[¶11] The parol evidence rule is partially codified in N.D.C.C. § 9-06-07:
Written contract supersedes oral negotiations. The execution of a contract in writing, whether the law requires it to be written or not, supersedes all the oral negotiations or stipulations concerning its matter which preceded or accompanied the execution of the instrument.The parol evidence rule is a rule of substantive law and precludes the use of evidence of prior oral negotiations and agreements to vary or add to the terms expressed in the written contract. Syversen v. Hess, 2003 ND 118, ¶ 5, 665 N.W.2d 23; Des Lacs Valley Land Corp. v. Herzig, 2001 ND 17, ¶¶ 7-8, 621 N.W.2d 860; Radspinner v. Charlesworth, 369 N.W.2d 109, 112 (N.D. 1985). All preliminary negotiations, conversations, and verbal agreements are merged into and superseded by the subsequent written contract. Syversen, at ¶ 5; Des Lacs, at ¶ 8; Gajewski v. Bratcher, 221 N.W.2d 614, 626 (N.D. 1974). The rule is founded on experience and public policy, created by necessity, and designed to give certainty to a transaction that has been reduced to writing by protecting the parties against the doubtful veracity and uncertain memory of interested witnesses. Syversen, at ¶ 5; Des Lacs, at ¶ 8; Gajewski, at 626.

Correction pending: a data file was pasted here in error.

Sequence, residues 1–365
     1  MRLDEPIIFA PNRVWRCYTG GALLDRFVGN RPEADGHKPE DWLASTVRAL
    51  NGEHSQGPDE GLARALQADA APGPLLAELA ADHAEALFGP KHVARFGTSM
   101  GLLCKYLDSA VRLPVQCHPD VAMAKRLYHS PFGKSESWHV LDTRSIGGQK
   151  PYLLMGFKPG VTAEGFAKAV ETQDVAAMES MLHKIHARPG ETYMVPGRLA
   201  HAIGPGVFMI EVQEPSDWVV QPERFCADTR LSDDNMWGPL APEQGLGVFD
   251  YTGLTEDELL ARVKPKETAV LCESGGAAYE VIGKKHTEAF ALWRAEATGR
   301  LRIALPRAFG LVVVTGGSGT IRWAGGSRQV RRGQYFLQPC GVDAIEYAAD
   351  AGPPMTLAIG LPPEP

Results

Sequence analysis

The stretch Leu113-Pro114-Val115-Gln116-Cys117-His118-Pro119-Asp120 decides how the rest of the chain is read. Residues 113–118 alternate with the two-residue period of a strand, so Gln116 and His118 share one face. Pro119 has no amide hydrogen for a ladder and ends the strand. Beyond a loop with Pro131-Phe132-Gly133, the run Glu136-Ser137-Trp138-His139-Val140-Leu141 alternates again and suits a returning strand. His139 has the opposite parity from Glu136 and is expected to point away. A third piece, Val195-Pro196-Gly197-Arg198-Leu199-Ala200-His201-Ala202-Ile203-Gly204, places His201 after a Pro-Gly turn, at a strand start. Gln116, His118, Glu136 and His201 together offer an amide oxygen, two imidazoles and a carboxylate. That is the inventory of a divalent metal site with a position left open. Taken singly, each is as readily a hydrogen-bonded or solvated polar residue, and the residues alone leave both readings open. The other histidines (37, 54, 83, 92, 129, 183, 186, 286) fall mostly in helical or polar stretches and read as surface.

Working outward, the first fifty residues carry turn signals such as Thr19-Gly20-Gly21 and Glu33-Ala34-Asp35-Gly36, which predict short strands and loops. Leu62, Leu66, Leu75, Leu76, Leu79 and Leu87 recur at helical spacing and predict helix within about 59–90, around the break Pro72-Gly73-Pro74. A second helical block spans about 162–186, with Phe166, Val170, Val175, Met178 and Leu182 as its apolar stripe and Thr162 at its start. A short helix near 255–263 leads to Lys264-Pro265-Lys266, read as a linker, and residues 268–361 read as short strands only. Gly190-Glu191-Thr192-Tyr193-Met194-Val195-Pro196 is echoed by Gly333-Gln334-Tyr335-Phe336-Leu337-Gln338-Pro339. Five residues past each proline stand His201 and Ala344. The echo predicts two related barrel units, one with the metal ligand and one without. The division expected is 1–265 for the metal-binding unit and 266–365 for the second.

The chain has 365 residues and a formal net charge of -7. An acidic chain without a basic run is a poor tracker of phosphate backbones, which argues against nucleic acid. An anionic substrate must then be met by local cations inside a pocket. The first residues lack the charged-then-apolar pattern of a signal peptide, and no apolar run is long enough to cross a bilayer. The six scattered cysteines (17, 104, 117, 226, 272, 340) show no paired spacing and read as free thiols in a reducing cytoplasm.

[¶12] Even though we must, for purposes of summary judgment, accept Evenson's allegations about the prior oral negotiations as true, Page's alleged assurance that the Maximan product line would not be sold cannot be used to vary or add to the parties' subsequent written dealership agreement. That agreement gave Quantum the right to terminate Page's dealership at any time for any reason. The trial court did not err in refusing to enforce the alleged oral term.